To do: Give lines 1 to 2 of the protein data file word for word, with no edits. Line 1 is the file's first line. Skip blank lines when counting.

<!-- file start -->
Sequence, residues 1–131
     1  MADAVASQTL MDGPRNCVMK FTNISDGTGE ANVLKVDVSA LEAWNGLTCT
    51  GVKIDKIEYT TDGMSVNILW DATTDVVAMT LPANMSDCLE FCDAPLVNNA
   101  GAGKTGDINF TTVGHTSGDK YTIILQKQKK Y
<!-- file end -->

Sequence, residues 1–131
     1  MADAVASQTL MDGPRNCVMK FTNISDGTGE ANVLKVDVSA LEAWNGLTCT